Combined Syngas and Hydrogen Production using Gas Switching Technology


This paper focuses on the experimental demonstration of a threestage GST (gas switching technology) process (fuel, steam/CO2, and air stages) for syngas production from methane in the fuel stage and H-2/CO production in the steam/ CO2 stage using a lanthanum- based oxygen carrier (La0.85Sr0.15Fe0.95Al0.05O3). Experiments were performed at temperatures between 750-950 degrees C and pressures up to 5 bar. The results show that the oxygen carrier exhibits high selectivity to oxidizing methane to syngas at the fuel stage with improved process performance with increasing temperature although carbon deposition could not be avoided. Co-feeding CO2 with CH4 at the fuel stage reduced carbon deposition significantly, thus reducing the syngas H-2/CO molar ratio from 3.75 to 1 (at CO2/CH4 ratio of 1 at 950 degrees C and 1 bar). The reduced carbon deposition has maximized the purity of the H-2 produced in the consecutive steam stage thus increasing the process attractiveness for the combined production of syngas and pure hydrogen. Interestingly, the cofeeding of CO2 with CH4 at the fuel stage showed a stable syngas production over 12 hours continuously and maintained the H-2/CO ratio at almost unity, suggesting that the oxygen carrier was exposed to simultaneous partial oxidation of CH4 with the lattice oxygen which was restored instantly by the incoming CO2. Furthermore, the addition of steam to the fuel stage could tune up the H-2/CO ratio beyond 3 without carbon deposition at H2O/ CH4 ratio of 1 at 950 degrees C and 1 bar; making the syngas from gas switching partial oxidation suitable for different downstream processes, for example, gas-to-liquid processes. The process was also demonstrated at higher pressures with over 70% fuel conversion achieved at 5 bar and 950 degrees C.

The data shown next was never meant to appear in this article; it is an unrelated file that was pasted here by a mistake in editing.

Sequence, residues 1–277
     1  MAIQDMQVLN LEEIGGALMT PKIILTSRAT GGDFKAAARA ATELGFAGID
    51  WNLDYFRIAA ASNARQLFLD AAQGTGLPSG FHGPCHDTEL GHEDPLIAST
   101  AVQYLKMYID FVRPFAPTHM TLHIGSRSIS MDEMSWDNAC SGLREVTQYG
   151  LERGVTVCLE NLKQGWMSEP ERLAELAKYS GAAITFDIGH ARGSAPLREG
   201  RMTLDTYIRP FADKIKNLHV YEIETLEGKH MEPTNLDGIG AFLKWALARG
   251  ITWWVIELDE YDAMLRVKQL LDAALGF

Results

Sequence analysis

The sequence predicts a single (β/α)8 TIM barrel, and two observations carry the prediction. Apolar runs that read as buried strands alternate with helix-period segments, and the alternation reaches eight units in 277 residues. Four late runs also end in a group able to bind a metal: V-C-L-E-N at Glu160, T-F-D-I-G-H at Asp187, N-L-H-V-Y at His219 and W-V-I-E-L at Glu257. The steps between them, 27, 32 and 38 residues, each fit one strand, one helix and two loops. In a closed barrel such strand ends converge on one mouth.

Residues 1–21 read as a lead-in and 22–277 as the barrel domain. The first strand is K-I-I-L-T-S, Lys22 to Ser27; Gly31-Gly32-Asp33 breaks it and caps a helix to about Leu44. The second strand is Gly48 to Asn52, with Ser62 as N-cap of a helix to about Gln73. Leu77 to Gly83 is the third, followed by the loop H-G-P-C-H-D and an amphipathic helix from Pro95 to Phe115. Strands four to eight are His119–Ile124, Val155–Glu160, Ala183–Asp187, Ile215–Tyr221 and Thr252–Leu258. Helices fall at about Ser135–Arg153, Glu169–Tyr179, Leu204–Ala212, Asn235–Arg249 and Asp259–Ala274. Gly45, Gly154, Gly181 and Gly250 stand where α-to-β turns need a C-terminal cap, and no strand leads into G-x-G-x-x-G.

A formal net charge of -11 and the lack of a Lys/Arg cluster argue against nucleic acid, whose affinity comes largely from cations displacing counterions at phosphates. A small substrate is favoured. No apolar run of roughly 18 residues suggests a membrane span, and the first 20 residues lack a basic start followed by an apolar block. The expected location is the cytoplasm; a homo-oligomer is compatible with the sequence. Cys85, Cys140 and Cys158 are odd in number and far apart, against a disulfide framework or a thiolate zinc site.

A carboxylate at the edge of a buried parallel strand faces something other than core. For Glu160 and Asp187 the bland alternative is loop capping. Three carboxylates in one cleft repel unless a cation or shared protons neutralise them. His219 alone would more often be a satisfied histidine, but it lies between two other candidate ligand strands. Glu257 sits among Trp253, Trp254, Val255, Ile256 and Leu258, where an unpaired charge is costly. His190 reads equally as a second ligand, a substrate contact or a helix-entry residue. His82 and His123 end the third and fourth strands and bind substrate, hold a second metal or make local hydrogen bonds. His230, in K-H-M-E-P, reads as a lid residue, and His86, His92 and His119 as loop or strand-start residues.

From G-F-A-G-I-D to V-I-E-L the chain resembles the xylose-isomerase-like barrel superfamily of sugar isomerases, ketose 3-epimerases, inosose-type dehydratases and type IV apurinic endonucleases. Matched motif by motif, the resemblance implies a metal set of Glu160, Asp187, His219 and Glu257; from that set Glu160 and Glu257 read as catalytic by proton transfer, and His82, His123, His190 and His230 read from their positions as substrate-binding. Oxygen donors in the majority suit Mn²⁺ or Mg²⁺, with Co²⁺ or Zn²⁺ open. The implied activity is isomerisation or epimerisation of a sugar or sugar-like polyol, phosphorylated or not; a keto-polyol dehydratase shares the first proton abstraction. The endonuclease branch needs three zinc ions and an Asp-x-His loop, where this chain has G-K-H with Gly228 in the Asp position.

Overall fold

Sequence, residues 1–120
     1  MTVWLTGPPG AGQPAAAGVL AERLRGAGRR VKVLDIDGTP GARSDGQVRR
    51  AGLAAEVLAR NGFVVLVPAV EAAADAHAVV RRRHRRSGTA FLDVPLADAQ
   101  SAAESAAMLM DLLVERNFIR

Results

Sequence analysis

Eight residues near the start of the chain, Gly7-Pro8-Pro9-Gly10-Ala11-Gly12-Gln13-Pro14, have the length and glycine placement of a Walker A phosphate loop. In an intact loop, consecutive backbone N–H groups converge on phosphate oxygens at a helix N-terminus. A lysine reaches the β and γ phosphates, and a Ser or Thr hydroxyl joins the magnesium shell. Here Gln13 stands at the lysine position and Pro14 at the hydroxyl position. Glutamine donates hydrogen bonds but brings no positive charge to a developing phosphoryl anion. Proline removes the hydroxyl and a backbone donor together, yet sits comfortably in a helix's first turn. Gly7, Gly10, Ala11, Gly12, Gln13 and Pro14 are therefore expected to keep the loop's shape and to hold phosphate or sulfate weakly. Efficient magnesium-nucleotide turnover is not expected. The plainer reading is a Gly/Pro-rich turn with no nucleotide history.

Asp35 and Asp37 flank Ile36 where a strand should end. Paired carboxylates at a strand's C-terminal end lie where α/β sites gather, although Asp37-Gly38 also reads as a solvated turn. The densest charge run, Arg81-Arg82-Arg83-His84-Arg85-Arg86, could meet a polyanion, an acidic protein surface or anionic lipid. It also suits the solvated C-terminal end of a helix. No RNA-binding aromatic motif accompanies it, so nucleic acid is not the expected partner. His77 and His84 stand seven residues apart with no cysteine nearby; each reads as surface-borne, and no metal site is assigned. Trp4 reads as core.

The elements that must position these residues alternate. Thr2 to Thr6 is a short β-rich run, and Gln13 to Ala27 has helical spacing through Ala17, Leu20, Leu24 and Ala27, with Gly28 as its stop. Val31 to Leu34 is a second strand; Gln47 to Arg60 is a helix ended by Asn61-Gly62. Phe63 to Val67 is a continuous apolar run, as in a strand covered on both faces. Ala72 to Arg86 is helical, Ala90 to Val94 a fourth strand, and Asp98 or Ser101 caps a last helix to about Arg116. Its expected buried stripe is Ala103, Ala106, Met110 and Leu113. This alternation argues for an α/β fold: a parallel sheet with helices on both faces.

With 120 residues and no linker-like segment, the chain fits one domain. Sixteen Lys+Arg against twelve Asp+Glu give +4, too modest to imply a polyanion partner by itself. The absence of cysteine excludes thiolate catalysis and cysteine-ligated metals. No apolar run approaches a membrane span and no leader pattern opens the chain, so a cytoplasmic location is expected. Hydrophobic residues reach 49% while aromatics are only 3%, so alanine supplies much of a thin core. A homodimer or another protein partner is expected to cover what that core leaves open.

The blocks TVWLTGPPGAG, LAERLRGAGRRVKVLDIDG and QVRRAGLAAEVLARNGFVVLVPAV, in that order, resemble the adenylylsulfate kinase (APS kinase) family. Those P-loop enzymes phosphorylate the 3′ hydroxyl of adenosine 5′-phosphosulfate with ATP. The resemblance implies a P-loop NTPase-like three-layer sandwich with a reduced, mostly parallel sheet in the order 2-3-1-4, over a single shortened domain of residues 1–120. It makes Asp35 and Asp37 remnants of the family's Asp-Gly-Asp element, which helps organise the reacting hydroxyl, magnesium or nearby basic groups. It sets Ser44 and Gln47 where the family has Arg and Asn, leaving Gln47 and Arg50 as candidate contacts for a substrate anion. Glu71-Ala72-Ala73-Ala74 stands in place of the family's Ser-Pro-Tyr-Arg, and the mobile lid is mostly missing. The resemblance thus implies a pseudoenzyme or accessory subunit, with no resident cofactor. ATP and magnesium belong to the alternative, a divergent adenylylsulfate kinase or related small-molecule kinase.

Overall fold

Engineering, Chemical
Ugwu, A., Zaabout, A., Donat, F., van Diest, G., Albertsen, K., Müller, C., & Amini, S. (2021). Combined Syngas and Hydrogen Production using Gas Switching Technology. In Industrial & Engineering Chemistry Research (Vol. 60, Issue 9, pp. 3516–3531). American Chemical Society (ACS).